Why NOT to Ignore International Stocks
Updated: Feb 27
Due to recent world events with the Russian invasion of Ukraine, many investors are likely shying away from international stocks, and who could blame them! The Russian stock market has closed down for over a week, marking significant liquidity concerns for investors in Russian and international securities as a whole. This is alarming to read in the news, but I want to show you why not only is this likely of little concern to your portfolio, but also that it should not dissuade you from allocating a portion of your portfolio to international stocks in both developed and emerging markets.
First, let's take a look at what the Russian invasion of Ukraine has meant for international markets and how much exposure most indices have to Russian and Ukrainian stocks. Below is the breakdown of the percentages of Russian and Ukrainian stocks held in each type of Vanguard fund.
The average Target Date Retirement Fund will hold around 30-35% of an international stock index at most for an investor that is in 100% stocks. On average, most US investors only have 15% of their holdings in international companies, which is a mistake. But let's assume an investor has 35% of their money in the Total International stock ETF above. Right now, Russian markets are frozen being down 32%, but let's assume they are worthless when the market opens and they are down 100%. That means for that investor that is heavily invested internationally, the maximum worst-case scenario effect of Russian markets ceasing to exist is a total 0.28% effect on his or her portfolio. Now, International markets as a whole have decreased recently due to these events having an impact on the global economy, but the exposure and impact of Russian stocks alone to most portfolios is minimal. Most investors would have an even lower impact due to holding fewer international stocks and some allocation to bonds.
Now, why would it be a mistake to get spooked by recent events and decrease your holdings in international stocks or even to avoid them entirely? Well, most all investors fall prey to something called home country bias. This is a bias that says investors hold disproportionate amounts of domestic equities in their portfolios. This means U.S. investors tend to weigh towards U.S. stocks, while Australian investors tend to weigh towards Australian stocks and so forth. The below graph from a Vanguard survey in 2014 shows that this bias exists across almost every country.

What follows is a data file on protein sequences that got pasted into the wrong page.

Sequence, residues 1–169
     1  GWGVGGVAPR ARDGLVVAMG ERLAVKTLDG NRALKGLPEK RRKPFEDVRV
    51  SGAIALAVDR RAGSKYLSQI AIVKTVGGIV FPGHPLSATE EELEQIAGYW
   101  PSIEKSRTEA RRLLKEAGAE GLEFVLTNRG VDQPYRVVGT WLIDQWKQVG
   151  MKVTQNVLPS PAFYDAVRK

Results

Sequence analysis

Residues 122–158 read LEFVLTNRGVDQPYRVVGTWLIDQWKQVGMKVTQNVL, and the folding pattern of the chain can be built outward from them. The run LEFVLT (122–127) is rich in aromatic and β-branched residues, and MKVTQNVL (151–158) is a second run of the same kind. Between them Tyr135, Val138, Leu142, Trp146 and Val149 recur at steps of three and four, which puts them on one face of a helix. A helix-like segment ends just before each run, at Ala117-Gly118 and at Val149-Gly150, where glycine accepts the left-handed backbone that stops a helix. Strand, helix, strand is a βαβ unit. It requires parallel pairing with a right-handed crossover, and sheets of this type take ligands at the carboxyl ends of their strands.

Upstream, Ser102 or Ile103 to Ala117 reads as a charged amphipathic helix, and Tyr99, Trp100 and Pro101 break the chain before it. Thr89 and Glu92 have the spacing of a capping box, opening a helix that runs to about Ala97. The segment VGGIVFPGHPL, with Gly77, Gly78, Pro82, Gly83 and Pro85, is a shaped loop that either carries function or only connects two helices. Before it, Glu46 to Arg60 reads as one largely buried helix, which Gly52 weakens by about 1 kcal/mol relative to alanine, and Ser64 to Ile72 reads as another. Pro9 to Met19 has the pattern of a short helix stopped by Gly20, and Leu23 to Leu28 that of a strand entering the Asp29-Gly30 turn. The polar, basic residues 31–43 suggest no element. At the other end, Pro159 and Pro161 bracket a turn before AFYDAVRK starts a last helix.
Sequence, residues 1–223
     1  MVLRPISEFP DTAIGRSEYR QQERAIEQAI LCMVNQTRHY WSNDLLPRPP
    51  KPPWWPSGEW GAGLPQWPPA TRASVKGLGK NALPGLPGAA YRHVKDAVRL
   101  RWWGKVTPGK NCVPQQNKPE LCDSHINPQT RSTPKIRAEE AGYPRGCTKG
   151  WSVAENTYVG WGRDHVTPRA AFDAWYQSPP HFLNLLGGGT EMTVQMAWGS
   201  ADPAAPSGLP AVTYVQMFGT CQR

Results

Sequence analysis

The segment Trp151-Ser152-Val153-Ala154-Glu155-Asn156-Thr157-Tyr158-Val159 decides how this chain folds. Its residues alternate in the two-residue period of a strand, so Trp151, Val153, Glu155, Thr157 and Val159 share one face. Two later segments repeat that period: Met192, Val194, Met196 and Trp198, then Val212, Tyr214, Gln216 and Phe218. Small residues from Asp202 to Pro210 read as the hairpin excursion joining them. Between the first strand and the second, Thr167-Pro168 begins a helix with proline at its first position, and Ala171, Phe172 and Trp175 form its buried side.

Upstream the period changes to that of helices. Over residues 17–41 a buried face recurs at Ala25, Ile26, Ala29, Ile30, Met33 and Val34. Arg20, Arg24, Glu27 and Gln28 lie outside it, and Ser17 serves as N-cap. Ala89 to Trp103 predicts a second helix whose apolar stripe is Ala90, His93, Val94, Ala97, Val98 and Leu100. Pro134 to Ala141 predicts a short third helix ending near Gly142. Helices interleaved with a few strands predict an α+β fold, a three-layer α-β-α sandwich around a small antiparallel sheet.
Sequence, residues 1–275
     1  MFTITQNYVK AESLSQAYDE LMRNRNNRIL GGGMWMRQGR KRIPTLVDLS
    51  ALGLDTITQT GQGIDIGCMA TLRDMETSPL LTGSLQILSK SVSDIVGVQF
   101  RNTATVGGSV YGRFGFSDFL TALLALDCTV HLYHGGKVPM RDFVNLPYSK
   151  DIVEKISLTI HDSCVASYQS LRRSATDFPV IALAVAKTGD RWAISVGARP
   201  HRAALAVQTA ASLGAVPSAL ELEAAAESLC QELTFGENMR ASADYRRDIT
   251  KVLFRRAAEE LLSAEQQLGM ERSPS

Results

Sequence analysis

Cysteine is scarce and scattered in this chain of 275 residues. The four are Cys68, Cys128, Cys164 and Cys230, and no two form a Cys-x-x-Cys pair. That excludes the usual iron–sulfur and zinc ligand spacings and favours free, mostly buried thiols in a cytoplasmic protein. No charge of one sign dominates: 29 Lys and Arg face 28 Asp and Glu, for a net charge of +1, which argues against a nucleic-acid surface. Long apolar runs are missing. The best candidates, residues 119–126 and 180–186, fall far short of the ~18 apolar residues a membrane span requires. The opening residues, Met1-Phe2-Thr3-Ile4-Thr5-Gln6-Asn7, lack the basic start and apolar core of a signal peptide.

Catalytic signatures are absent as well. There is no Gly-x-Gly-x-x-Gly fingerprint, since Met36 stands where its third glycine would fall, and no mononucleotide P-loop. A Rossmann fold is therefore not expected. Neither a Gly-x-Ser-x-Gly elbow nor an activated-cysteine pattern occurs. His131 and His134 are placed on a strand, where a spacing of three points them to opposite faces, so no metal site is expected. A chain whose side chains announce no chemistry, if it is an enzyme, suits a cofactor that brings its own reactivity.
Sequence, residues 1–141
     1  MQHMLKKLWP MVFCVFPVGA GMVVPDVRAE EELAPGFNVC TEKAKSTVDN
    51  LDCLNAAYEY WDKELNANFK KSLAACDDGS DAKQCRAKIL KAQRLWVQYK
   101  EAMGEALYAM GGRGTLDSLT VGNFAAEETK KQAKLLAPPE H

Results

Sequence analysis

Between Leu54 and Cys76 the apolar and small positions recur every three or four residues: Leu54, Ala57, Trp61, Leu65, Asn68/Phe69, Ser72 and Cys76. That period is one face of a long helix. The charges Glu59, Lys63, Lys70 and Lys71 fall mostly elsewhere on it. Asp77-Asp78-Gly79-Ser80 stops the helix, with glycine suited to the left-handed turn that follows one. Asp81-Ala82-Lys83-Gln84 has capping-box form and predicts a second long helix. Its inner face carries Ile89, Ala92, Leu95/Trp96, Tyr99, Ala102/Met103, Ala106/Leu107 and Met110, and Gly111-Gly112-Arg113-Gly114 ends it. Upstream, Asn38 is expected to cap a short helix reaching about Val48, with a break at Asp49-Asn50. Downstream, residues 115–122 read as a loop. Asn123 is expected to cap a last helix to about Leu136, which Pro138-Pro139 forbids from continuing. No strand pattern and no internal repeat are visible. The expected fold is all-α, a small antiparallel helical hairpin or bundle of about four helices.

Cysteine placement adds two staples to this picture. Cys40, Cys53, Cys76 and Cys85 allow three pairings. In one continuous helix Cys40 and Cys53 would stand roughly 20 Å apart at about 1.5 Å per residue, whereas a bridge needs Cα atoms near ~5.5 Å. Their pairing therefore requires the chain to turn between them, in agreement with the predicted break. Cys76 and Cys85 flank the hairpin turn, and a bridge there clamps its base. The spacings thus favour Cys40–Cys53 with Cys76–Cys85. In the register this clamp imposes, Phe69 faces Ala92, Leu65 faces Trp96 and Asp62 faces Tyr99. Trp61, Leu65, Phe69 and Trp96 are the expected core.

It is important to be aware of this bias and combat this by investing in a globally diversified portfolio and sticking to it over long periods, regardless of the news cycle. This includes a healthy allocation to an international stock index or two. This is important for 2 reasons:
1. Diversification. This has become almost a buzzword in finance and investing these days but it hasn't become any less important. Having an investment portfolio that is well-diversified and has asset classes that zig when others zag is a highly underrated aspect of a portfolio. According to an asset correlation matrix from Morningstar, foreign industrialized stocks have between a 51% and 58% correlation with U.S. stocks. This means that they move in the same direction as U.S. stocks around half the time. This is important to have this diversification because it has the potential to decrease portfolio volatility while maintaining portfolio return. Holding an international stock market index in both developed and emerging markets also allows you to diversify your investments between international countries. These indexes are comprised of companies in many countries across the world. The Russian invasion of Ukraine is a great example of this because it shows how even though the Russian markets have tanked by 50%, the Vanguard Total International Stock Market Index (VTIAX) is only down 5.39% from February 24, 2022, to March 14, 2022. The Vanguard Total Stock Market Index (VTSAX) is down only 3.09% over that same period. Even during some of the most tumultuous times in global history, diversification is what insulates your portfolio from more wild swings.